Many years ago, a dream came to mind. A dream to represent my country in a way that presents power, grace and camaraderie. A dream that many people often pursue, but few succeed in achieving. My name is Darryl Payne, Jr., an American skeleton athlete and sprinter/hurdler aspiring to clinch a spot on the United States Olympic Team.
My background as an Austin-based Skeleton lies in a call from the US Olympic Committee to athletes across the country to try and become the Next Olympic Hopefully. Originally, I was selected to compete as a fully funded bobsledder, but I’m much smaller than the mass needed to get that sled moving down the track. Despite my size, I proved to be more than capable, especially compared to an elite group of my peers and even compared to those bigger than me. The Head Coach for USA Bobsled pulled me aside and offered me an unfunded invite to go out to the Skeleton School in Lake Placid, New York. The sport is much better suited for my frame and mass, and as my time on the ice grows, the more promising my journey becomes.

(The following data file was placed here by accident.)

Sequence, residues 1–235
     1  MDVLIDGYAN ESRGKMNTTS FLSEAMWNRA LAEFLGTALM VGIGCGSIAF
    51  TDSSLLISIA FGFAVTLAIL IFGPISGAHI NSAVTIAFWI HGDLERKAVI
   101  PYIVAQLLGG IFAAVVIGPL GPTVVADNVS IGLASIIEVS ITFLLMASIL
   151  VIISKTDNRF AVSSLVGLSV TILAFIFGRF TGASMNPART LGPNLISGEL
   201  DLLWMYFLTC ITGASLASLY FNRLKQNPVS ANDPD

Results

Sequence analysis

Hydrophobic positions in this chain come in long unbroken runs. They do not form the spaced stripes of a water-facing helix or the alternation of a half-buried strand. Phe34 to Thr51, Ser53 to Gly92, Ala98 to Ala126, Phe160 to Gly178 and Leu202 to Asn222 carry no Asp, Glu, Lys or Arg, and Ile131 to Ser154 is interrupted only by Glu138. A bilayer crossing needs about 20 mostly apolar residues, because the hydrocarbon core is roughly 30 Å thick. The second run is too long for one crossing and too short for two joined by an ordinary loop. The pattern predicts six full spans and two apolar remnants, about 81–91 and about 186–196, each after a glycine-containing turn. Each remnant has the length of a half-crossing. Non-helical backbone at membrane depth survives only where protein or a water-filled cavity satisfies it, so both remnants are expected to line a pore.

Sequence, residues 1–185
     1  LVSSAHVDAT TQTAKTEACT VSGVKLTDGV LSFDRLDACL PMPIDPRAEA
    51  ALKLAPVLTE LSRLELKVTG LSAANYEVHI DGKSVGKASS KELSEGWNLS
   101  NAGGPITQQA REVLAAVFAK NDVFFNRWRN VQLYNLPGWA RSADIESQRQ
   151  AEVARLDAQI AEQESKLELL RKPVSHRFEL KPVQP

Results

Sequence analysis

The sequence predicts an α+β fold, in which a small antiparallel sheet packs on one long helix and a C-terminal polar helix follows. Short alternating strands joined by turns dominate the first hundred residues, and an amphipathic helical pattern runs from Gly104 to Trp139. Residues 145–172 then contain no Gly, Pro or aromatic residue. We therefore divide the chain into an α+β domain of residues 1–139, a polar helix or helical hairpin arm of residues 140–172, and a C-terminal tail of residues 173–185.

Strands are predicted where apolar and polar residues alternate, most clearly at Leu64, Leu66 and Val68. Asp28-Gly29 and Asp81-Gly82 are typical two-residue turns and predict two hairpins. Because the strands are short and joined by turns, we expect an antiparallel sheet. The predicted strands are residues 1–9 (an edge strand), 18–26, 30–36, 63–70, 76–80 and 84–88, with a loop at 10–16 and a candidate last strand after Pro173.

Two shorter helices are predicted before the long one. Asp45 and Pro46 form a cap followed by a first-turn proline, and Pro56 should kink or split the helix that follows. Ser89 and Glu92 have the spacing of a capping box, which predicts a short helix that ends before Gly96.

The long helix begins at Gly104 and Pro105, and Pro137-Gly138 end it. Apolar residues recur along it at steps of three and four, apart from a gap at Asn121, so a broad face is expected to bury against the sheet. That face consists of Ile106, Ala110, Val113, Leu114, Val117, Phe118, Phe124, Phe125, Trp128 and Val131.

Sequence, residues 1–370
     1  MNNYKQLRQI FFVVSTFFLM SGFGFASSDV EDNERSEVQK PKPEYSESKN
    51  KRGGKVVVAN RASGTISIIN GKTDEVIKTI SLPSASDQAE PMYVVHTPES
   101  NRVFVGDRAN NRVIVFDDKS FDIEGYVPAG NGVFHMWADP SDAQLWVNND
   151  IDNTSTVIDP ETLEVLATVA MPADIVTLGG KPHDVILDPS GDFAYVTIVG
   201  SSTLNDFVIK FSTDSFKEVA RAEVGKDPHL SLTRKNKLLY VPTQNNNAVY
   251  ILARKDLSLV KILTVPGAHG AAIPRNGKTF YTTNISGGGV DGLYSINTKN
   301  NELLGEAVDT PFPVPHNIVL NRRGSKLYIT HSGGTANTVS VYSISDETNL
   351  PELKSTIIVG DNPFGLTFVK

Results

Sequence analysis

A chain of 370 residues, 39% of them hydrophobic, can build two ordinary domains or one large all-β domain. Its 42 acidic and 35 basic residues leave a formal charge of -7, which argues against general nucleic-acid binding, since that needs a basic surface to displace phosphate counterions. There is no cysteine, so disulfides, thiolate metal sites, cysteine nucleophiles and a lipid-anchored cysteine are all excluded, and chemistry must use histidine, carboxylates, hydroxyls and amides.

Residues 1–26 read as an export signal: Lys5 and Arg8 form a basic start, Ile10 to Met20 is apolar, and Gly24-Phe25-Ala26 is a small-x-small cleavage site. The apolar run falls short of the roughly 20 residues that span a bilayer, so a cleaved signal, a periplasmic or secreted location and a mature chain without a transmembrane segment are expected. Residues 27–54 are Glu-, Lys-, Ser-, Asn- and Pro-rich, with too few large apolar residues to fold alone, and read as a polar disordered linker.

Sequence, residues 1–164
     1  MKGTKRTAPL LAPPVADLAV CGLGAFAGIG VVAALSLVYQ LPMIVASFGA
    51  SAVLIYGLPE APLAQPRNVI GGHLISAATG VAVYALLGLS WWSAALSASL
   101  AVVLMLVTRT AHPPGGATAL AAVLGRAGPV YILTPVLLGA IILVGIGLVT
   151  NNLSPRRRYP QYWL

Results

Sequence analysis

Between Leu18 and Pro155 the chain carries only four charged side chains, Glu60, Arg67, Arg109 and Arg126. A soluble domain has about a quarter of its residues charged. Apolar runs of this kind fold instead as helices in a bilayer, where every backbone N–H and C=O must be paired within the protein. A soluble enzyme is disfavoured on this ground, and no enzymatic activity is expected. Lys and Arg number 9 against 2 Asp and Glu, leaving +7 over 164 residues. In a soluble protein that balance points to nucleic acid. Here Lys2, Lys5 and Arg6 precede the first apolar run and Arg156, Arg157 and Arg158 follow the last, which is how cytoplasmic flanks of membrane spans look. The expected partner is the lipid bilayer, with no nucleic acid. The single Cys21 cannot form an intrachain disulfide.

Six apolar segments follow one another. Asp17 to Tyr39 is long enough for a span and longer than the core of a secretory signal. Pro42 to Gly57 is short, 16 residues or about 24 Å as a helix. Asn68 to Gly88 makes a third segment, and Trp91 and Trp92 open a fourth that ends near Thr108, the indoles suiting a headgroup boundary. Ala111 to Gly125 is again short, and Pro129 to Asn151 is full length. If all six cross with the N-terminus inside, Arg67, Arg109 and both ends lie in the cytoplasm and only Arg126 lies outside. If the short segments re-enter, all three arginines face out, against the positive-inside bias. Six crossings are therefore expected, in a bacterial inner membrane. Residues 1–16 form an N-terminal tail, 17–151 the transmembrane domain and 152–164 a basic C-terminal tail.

Once the end of Skeleton school neared, there was the Rookie Push Championship and I placed second after only a week of learning the sport.
A competitor of sprints from the age of 7 years old, and well into my career on the high school track, I’ve been very successful athletically. I’ve set records in Louisiana in numerous races and achieved ranks such as Austin’s 2nd Fittest Man and Overall Male Winner with the True Athlete Games in Austin. However, adding this new sport brings about many new challenges—mentally, physically and financially.
The goal is the 2026 Winter Olympic Games.
Currently, no African American has ever repesented the United States at the Winter Olympic Games in Skeleton. An added bonus to this new dream would be to serve as a role model for younger minority generations, that in many cases, believe there are no other options. Serving as a light, and a pioneer for my community in this sport would truly be an honor.